If you’re like me, public speaking naturally makes you uncomfortable. If you’re not, you are a lucky individual and should probably skip this section. Please note that I’m shaking my fist at you, confident person, as you read this. Just kidding. Not really.
Before you can speak confidently on a stage, you must do three things:
- Learn to trust your instincts.
- Change the negative association with failure to a positive.
- Confront the fear of looking bad in front of other people.
Let’s break these things down. You can skip any parts that don’t apply to you.
Trusting your instincts
I was always taught to think before speaking. Generally, this is very good advice. However, I quickly learned that this exact advice is detrimental to being heard in work situations.
I spent so much time thinking about what to say that I never got to say anything. I left many meetings feeling frustrated because conversation topics changed before I could get any words in. Feeling worried about yet again being told that I was too quiet, I decided to figure out a way to get heard more without changing the core essence of what makes me me. I started to say what was on my mind as soon after I thought it as possible.
As I spoke in the moment more, I found that I improved at dynamically composing my words each time. I began writing down points in case conversations started to shift so that I could provide finishing thoughts. I observed social cues that notified people that others wanted to speak and began using them in conversations. Soon, I was a thought-providing machine.
Practice speaking candidly with friends and at work – instead of mulling over the perfect thing to say, see what happens when you rely on your instincts. An additional benefit of this exercise is that you will likely gain more visibility each time you do it. The more you say what’s on the top of your mind, the more people will hear you. Continue to ensure that you are providing value to the conversation, of course, but don’t worry about finding the perfect way to word a sentence. You can always break your ideas down further if people don’t understand you the first time.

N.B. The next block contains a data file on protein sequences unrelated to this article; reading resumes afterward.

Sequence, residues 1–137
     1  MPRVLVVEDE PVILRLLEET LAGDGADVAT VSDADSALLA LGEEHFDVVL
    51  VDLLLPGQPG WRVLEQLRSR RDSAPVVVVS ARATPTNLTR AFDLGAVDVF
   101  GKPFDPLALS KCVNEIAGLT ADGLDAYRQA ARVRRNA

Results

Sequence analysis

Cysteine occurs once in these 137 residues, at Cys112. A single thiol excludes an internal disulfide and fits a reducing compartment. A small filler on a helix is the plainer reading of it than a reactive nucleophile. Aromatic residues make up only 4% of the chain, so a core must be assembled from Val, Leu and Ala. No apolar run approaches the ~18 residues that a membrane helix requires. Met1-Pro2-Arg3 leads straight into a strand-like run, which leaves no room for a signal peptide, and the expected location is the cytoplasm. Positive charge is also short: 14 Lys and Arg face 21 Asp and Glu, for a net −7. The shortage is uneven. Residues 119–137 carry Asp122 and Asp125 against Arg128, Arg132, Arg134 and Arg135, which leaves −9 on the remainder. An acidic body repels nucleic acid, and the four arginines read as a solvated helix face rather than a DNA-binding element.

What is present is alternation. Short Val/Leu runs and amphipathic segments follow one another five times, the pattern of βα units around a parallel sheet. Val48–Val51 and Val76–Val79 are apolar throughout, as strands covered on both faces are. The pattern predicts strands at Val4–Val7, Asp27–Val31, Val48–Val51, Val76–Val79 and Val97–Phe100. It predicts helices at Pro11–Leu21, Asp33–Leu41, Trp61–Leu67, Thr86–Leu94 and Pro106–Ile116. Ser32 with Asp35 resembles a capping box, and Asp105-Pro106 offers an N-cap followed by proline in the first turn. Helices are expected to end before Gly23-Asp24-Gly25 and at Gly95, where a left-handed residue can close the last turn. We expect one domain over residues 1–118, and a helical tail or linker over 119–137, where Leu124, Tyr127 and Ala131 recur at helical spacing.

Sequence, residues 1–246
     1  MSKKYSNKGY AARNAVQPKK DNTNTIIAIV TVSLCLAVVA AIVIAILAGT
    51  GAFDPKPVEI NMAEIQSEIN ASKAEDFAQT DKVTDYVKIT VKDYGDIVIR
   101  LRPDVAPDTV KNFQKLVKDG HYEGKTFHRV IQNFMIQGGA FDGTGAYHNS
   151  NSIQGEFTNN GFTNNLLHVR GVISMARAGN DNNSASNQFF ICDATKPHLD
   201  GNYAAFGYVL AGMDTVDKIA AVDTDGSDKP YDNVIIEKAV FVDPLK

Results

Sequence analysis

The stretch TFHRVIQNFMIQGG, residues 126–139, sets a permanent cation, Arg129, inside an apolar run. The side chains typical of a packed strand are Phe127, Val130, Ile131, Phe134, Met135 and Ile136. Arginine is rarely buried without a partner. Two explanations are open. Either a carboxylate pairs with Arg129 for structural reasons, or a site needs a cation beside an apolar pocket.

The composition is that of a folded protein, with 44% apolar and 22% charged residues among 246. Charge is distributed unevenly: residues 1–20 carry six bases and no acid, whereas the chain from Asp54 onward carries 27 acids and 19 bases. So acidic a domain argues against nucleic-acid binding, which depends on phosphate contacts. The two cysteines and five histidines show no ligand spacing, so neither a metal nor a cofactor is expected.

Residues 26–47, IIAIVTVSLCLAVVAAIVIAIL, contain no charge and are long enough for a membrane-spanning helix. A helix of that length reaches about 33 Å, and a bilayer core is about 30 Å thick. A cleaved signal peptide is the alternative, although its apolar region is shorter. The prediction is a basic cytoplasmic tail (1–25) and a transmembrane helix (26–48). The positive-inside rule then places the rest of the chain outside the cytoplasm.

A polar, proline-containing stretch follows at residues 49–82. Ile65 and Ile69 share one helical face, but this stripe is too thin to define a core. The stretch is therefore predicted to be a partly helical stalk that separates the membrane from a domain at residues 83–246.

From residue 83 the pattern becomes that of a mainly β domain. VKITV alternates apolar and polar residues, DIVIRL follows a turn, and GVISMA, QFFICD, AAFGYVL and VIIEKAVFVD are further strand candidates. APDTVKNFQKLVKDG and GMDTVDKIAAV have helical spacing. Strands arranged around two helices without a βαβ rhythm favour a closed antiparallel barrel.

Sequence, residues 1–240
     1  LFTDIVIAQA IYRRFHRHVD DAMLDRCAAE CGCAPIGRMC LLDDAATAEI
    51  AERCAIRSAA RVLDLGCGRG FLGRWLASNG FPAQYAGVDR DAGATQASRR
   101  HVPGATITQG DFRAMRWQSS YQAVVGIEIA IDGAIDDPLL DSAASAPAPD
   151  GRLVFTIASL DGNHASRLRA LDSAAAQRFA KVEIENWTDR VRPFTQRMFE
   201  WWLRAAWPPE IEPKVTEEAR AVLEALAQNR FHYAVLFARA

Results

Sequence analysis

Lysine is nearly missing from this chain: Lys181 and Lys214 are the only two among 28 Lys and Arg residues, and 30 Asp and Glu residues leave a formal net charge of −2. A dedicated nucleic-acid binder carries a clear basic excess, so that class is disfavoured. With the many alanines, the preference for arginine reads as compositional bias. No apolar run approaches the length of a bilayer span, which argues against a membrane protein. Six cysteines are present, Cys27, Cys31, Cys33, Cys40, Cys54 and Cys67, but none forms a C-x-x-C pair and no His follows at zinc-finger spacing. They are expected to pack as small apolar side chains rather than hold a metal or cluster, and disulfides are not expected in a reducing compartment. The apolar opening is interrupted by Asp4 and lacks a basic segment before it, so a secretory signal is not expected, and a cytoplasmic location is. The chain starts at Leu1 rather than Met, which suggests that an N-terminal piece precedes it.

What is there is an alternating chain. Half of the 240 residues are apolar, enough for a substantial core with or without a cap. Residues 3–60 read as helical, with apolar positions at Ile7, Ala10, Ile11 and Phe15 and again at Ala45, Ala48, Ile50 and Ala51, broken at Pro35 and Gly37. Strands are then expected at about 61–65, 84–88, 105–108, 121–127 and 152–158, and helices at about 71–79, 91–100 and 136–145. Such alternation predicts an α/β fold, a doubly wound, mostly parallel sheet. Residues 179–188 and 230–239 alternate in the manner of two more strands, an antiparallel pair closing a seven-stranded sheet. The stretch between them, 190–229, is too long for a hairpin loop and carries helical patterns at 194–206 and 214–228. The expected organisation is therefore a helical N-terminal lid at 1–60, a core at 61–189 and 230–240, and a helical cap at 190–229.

Get comfortable with failure
It seems like people, especially Americans of the U.S. variety, are taught to avoid failure at all costs. What we often don’t consider is the fact that failure helps people to learn and improve. Sure, in certain cases mistakes can destroy your life, but they are not usually as life-threatening or life-changing as people might like to think.
For example, I failed a test for the first time when I was about fifteen. To make the situation worse, it was a midterm exam. Until then, I’d been a great student with a GPA above 3.5. I was terrified that my parents were going to punish me and that I would get kicked out of school. But nothing happened. My parents told me that the real world doesn’t always work like tests and that yes, I should do better next time, but it wasn’t the end of the world. I worked hard next time and managed to pass the class. No one in my professional life has ever questioned me about failing that midterm, and I doubt anyone ever will.
At one conference I attended, I saw a speaker warn the audience that they were sick before starting the presentation. They paused several times to catch their breath during the talk – the audience clapped each time in support of their dedication and strength. At the end of the talk, the audience cheered and praised the speaker for being able to deliver an interesting presentation while being under the weather. I’m not saying you have to speak onstage while sick (seriously try not to!), but rather that your audience wants you to succeed and appreciates honesty.
If you make a mistake while speaking, don’t dwell on it. Correct yourself quickly and move on. Even feel free to laugh at yourself or be honest about your situation. For example, when I started speaking, I often told people to wave their hands if I needed to speak louder. If I’m feeling tired, I warn people in advance so they aren’t surprised if I am not speaking as coherently as usual.
Care less about what others think
Many people focus on how others feel about them rather than the messages they are sending. If you’re busy worrying about how you look instead of the words you’re saying, you will appear less confident and make more mistakes. Concentrate on yourself instead – what are you trying to say, and what makes you feel satisfied?
This lesson also extends to other areas of life. For example, I used to worry about how people thought my clothes look. Instead, I began focusing on how I wanted to look and the clothes that made me happy. More people began to compliment me and say they admired the fashion choices I made. Focusing on my personal needs helped me become more confident, and people noticed.
Instead of saying what you think people want to hear, share what you want to hear. Please note that this doesn’t mean you should stop caring about how other people feel. You can be confident and respectful at the same time. Try not to cross the line and turn into a jerk, fledgling speaker!
Next step: Locate opportunities
The next post discusses finding public speaking opportunities.
In this panel, we will hear from Staff and Principal Designers who’ve managed to stay on the IC track while growing their careers. We’ll get into some of the day-to-day nitty-gritty of what it means to be a Staff Designer or Principal Designer, and how to make this role a reality within your organization.